U looks ahead to GOP convention

Karlee Weinmann

The Republican National Committee announced Wednesday that the Minneapolis-St. Paul tandem will be host cities for its 2008 presidential nominating convention.

While the University will be near the convention, it is unclear at this point how, if at all, the University will participate in related events.

Despite being dubbed a “purple state,” a bipartisan battleground, RNC spokesman Aaron McLear said choosing Minnesota was strictly a business decision.

Transportation, infrastructure and security were among the factors taken into consideration when the RNC evaluated its options, he said.

The Minnesota Host Committee, made up of RNC members, has yet to iron out convention details. The committee will be responsible for fine-tuning and coordinating convention logistics beginning in early 2007.

The RNC will continue to send representatives to the Twin Cities to evaluate options and start site-specific planning, McLear said.

The University plans to be involved in convention plans, said spokesman Dan Wolter, though there currently are no agreements.

Like many other organizations, the University cannot determine exactly how it will be used until the Minnesota Host Committee lays out more specific groundwork for the convention, he said.

Regents’ Professor Ed Schuh said the Twin Cities can expect attention that will put the University in the national – and international – spotlight.

“(The convention) will give the ‘U’ more global visibility, there’s not doubt about that,” he said.

Schuh, also director of the Freeman Center for International Economic Policy, said the national and international focus on the Twin Cities will work in the metro area’s favor, highlighting what the cities have to offer in terms of scenic locale and culture.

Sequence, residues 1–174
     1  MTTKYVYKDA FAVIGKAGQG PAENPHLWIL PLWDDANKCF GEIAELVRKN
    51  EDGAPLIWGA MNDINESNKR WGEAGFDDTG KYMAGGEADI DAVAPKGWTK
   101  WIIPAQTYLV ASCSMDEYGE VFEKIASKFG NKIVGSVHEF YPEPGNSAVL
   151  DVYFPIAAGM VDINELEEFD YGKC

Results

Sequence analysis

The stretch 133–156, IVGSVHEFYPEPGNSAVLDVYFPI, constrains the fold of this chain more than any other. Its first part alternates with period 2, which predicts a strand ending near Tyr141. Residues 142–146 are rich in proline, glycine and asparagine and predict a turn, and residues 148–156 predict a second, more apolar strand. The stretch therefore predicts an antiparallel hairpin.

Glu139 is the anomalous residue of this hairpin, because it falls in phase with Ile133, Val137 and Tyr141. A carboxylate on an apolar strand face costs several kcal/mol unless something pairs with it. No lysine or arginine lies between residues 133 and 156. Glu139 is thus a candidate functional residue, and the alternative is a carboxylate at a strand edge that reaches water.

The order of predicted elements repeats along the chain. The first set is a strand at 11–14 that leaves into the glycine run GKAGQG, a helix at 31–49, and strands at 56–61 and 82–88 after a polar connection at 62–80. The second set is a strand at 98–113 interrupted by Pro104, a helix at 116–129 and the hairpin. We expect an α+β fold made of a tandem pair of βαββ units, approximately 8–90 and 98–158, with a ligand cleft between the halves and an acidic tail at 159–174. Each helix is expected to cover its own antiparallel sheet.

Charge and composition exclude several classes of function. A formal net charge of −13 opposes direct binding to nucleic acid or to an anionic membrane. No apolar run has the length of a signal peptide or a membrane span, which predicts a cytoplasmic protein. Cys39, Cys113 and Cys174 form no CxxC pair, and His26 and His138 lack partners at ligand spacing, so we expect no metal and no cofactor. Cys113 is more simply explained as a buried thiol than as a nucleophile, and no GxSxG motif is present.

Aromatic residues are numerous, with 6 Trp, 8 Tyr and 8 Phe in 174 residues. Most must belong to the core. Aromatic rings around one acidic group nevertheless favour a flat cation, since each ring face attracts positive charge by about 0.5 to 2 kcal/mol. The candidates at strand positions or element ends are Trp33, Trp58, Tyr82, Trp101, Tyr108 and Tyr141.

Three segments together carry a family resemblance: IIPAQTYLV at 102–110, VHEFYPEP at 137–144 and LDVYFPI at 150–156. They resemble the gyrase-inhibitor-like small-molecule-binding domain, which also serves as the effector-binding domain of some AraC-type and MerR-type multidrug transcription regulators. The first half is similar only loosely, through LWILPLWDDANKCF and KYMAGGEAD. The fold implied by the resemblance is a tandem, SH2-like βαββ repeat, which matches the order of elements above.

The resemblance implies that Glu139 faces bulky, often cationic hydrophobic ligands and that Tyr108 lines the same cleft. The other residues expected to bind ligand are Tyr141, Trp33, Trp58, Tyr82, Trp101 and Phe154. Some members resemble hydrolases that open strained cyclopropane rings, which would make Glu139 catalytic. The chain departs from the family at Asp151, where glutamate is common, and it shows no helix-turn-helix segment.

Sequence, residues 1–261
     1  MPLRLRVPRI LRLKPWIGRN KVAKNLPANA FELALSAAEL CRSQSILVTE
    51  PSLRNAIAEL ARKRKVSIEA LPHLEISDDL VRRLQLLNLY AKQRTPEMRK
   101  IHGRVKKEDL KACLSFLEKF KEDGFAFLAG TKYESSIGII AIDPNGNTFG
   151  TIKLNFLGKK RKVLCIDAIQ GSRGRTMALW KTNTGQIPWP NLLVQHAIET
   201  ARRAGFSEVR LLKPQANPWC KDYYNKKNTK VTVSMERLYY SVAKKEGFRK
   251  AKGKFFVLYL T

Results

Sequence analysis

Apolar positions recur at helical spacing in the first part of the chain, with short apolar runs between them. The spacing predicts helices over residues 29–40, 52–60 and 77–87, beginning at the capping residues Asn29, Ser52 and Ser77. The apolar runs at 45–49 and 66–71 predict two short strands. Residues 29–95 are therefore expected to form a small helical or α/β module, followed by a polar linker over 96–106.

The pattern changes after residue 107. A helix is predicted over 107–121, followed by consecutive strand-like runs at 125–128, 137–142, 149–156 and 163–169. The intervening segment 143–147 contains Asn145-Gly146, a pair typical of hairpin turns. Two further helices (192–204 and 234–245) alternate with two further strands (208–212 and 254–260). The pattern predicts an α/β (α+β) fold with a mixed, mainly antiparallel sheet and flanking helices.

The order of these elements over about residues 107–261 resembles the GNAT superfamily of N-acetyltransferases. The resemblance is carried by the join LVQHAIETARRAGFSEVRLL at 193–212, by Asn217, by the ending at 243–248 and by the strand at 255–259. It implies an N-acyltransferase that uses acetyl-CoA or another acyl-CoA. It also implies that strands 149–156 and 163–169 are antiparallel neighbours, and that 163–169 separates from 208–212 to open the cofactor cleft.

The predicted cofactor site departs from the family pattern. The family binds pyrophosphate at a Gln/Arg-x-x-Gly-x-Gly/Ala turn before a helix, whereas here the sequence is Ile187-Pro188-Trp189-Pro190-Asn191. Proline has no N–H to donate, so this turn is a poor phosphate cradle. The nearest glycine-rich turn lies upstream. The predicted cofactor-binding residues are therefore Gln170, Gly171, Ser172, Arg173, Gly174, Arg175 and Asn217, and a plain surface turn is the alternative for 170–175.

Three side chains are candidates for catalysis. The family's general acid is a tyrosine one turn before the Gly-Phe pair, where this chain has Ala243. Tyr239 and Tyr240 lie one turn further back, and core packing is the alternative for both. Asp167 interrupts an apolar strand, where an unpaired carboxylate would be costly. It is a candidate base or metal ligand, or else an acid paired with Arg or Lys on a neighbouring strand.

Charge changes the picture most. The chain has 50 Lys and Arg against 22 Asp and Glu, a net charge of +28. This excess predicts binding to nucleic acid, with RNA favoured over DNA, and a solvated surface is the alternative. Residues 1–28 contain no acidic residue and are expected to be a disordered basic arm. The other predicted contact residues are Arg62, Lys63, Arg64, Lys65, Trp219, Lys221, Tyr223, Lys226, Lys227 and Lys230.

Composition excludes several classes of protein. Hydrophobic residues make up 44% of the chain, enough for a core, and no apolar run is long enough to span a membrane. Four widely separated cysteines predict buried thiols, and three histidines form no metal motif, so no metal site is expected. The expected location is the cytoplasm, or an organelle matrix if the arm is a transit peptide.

St. Paul Mayor Chris Coleman and his Minneapolis counterpart, R.T. Rybak, both Democrats, learned early in the year of the GOP’s interest in hosting the event in the Twin Cities.

The Democratic National Convention committee had also expressed interest in the Twin Cities hosting its 2008 convention.

The Democrats’ proposal called for direct and immediate University involvement, with on-campus housing requested for party delegates traveling to the convention looking to save on accommodations.

Because the GOP convention falls later than that of the Democrats, University housing will already be occupied by students when the convention commences Sept. 1.

Wolter listed meeting spaces, on-campus facilities and artistic venues as ways the University is prepared to showcase its offerings.

University professor Larry Jacobs, director of the Humphrey Institute of Public Affairs’ Center for the Study of Politics and Governance, said the convention will give the University a chance to increase awareness of its own research on democratic America.

“I think it’ll be a really wonderful occasion for the University to share the national stage,” he said.

Karyn Gruenberg, vice president of marketing and communications of Meet Minneapolis, said the convention is expected to draw between 30,000 and 45,000 people.

“We are going to have a world-renowned event that’s going to garner lots of people visiting our cities in what would normally be a dry (tourism) period,” she said. “It’s going to mean a lot for Minneapolis and St. Paul.”